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1 December 2004 A Phytochrome-like Protein AphC Triggers the cAMP Signaling Induced by Far-red Light in the Cyanobacterium Anabaena sp. Strain PCC7120
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Abstract

In the filamentous, nitrogen-fixing cyanobacterium Anabaena sp. PCC7120, red light (630 nm) decreased, whereas far-red light (720 nm) increased cellular adenosine 3′,5′-cyclic monophosphate (cAMP) content. To find a red and far-red light photoreceptor that triggers the cAMP signal cascade, we disrupted 10 open reading frame having putative chromophore-binding GAF domains. The response of the cellluar cAMP concentration to red and far-red light in each open reading frame disruptant was determined. It was found that only the mutant of the gene all2699 failed to respond to far-red light. The open reading frame named as aphC encoded a protein with 920 amino acids including GAF domains similar to those involved in Cph2, a photoreceptor of Synechocystis sp. PCC6803. To determine which adenylate cyclase (AC) is responsible for far-red light signal, we disrupted all AC genes and found that CyaC was the candidate. The enzymatic activity of CyaC might be controlled by a far-red light photoreceptor through the phosphotransfer reaction. The site-specific mutant of the Asp59 residue of the receiver (R1) domain of CyaC lost its light-response capability. It was suggested that the far-red light signal was received by AphC and then transferred to the N-terminal response regulator domain of CyaC. Then its catalytic activity was stimulated, which increased the cellular cAMP concentration and drove the subsequent signal transduction cascade.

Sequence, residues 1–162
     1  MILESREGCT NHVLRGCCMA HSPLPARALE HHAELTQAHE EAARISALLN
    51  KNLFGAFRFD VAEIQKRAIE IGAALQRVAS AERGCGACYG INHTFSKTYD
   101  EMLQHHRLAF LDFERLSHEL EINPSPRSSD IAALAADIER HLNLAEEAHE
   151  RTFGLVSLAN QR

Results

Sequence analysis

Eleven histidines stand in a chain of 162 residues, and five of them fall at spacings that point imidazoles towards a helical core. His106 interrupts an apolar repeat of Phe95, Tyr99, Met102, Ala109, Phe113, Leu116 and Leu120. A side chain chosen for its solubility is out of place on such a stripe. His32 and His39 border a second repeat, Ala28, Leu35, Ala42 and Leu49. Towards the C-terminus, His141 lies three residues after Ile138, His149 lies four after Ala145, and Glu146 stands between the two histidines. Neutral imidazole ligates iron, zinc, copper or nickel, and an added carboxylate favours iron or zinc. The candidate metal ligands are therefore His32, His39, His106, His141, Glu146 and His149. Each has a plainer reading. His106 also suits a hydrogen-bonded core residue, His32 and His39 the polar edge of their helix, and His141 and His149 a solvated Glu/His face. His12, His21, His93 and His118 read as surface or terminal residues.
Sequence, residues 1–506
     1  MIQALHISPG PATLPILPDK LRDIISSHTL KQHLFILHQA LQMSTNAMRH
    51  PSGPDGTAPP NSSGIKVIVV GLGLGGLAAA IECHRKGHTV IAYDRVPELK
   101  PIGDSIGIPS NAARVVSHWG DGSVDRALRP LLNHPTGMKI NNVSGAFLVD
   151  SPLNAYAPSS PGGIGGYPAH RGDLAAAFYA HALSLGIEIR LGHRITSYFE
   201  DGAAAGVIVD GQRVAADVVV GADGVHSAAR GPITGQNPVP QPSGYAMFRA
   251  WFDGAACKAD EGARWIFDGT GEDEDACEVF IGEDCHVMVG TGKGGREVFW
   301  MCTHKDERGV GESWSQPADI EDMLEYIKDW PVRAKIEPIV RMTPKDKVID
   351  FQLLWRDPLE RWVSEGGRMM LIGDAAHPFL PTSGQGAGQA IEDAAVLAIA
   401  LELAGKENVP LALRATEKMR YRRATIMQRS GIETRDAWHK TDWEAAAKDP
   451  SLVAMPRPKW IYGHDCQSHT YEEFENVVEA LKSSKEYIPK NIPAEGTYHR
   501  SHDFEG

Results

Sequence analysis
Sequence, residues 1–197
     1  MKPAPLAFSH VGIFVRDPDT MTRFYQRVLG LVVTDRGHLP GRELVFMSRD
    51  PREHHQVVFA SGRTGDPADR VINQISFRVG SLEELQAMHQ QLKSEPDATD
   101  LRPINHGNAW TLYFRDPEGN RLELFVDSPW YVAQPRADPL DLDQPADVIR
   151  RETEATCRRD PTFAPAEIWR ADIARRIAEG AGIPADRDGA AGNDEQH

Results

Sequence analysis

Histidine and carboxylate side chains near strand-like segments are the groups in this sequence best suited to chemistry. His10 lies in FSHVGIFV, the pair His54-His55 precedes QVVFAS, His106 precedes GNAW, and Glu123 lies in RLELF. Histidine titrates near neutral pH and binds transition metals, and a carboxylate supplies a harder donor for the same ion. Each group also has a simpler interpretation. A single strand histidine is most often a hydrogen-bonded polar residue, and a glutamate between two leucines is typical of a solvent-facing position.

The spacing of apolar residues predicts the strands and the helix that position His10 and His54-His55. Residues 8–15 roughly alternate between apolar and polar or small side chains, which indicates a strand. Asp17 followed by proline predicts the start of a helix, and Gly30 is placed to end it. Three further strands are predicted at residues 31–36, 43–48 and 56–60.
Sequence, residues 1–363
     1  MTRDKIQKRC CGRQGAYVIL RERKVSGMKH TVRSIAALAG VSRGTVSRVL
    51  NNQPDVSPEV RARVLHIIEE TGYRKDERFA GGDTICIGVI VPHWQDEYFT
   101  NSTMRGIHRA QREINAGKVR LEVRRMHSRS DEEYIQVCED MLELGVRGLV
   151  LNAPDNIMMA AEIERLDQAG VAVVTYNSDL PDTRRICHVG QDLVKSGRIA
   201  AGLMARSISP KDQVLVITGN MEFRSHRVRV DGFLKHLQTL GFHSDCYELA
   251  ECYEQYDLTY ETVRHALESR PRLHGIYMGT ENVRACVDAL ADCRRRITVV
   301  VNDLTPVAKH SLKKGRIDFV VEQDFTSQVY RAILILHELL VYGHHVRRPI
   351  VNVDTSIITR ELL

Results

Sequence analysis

Shinobu Okamoto, Masahiro Kasahara, Asako Kamiya, Yuka Nakahira, and Masayuki Ohmori "A Phytochrome-like Protein AphC Triggers the cAMP Signaling Induced by Far-red Light in the Cyanobacterium Anabaena sp. Strain PCC7120," Photochemistry and Photobiology 80(3), 429-433, (1 December 2004). https://doi.org/10.1562/0031-8655(2004)080<0429:APPATT>2.0.CO;2
Received: 25 February 2004; Accepted: 1 August 2004; Published: 1 December 2004
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